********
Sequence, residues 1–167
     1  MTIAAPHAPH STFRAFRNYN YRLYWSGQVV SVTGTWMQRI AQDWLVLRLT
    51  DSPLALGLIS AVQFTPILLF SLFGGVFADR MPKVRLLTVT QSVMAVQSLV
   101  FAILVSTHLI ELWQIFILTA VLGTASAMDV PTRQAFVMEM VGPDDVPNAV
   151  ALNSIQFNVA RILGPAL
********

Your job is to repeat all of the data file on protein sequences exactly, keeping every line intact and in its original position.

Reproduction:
Sequence, residues 1–167
     1  MTIAAPHAPH STFRAFRNYN YRLYWSGQVV SVTGTWMQRI AQDWLVLRLT
    51  DSPLALGLIS AVQFTPILLF SLFGGVFADR MPKVRLLTVT QSVMAVQSLV
   101  FAILVSTHLI ELWQIFILTA VLGTASAMDV PTRQAFVMEM VGPDDVPNAV
   151  ALNSIQFNVA RILGPAL